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Shipping East Asia

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BUSINESS
July 21, 1994 | From Reuters
"Phantom ships," using fake documentation, are hijacking cargoes from ports across East Asia in the latest twist on piracy in the region, maritime officials said Wednesday. "It is a problem which has accelerated," said Eric Ellen, executive director of the Commercial Crime Services Division of the Britain-based International Chamber of Commerce. At least $200 million worth of cargo is being hijacked every year by these phantom ships, Ellen told reporters after a two-day conference on piracy.
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BUSINESS
July 21, 1994 | From Reuters
"Phantom ships," using fake documentation, are hijacking cargoes from ports across East Asia in the latest twist on piracy in the region, maritime officials said Wednesday. "It is a problem which has accelerated," said Eric Ellen, executive director of the Commercial Crime Services Division of the Britain-based International Chamber of Commerce. At least $200 million worth of cargo is being hijacked every year by these phantom ships, Ellen told reporters after a two-day conference on piracy.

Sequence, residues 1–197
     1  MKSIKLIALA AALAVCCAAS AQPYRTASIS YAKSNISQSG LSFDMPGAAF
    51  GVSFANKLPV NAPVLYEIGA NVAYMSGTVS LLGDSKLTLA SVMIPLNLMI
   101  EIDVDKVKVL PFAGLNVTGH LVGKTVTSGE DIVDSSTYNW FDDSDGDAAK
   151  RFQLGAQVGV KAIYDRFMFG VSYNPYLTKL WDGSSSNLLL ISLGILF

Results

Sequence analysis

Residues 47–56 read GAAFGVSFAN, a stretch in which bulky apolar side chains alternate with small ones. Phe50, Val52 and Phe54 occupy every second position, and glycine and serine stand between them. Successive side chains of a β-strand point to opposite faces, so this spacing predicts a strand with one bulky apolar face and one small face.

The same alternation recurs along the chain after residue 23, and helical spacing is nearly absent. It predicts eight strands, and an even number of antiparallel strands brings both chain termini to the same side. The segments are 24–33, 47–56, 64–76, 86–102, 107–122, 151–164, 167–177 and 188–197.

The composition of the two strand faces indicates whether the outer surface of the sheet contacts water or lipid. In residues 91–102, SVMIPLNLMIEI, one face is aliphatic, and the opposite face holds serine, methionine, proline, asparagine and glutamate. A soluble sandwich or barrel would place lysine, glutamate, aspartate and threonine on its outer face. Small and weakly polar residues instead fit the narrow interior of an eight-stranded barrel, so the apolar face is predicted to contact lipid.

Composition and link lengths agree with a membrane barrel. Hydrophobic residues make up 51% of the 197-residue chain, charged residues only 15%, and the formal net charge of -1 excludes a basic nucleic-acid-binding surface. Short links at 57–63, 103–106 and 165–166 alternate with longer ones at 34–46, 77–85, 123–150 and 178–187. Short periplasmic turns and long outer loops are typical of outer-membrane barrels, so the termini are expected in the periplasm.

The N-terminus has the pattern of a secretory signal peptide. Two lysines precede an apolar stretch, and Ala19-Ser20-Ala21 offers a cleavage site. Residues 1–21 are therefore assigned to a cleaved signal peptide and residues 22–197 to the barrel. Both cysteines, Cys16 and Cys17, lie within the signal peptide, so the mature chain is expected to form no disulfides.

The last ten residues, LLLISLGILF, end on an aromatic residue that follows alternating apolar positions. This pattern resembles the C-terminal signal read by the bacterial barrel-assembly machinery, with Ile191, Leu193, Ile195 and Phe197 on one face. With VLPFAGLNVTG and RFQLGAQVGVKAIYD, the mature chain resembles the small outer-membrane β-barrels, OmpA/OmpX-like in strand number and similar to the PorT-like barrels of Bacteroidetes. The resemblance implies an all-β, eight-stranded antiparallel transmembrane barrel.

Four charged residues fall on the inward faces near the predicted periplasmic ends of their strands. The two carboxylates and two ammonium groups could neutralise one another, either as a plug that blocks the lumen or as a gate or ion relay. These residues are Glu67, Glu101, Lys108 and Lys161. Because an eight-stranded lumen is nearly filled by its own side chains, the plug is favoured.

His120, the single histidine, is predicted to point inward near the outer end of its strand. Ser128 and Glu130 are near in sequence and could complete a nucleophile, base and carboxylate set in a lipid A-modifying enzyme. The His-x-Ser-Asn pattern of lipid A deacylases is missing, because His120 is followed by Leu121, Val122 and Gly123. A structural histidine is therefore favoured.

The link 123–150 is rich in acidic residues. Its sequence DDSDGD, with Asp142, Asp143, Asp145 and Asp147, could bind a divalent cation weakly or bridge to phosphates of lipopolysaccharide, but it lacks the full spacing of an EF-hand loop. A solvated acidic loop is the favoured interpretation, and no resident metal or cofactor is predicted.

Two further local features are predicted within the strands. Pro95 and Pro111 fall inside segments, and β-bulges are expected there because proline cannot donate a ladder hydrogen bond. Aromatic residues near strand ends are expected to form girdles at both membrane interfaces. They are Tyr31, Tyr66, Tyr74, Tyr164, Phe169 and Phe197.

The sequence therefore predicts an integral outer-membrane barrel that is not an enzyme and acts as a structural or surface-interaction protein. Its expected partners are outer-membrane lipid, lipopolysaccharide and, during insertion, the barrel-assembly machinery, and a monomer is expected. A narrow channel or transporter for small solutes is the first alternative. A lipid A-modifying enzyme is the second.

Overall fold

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BUSINESS
September 30, 2006 | Hector Tobar and Chris Kraul, Times Staff Writers
Seeking to cash in on booming Asian exports, Nicaragua will announce a $20-billion proposal next week to build a canal linking the Pacific and the Atlantic oceans that would accommodate ships too large to use the Panama Canal, Nicaraguan officials said Friday. If approved by Nicaragua's Congress, the project would be a joint public-private venture financed by unnamed investors, said Lindolfo Monjarretz, a spokesman for Nicaraguan President Enrique Bolanos.
OPINION
September 13, 1998 | JONATHAN KIRSHNER, Jonathan Kirshner, author of "Currency and Coercion: The Political Economy of International Monetary Power" (Princeton University Press, 1995), is a professor in the government department at Cornell University
The world's great financial powers and institutions continue to scramble in an effort to contain the Asian financial crisis. But the one-size-fits-all austerity packages that the International Monetary Fund is shipping to East Asia target the domestic symptoms, not the international causes, of the crisis there. They will not solve the underlying economic problem.
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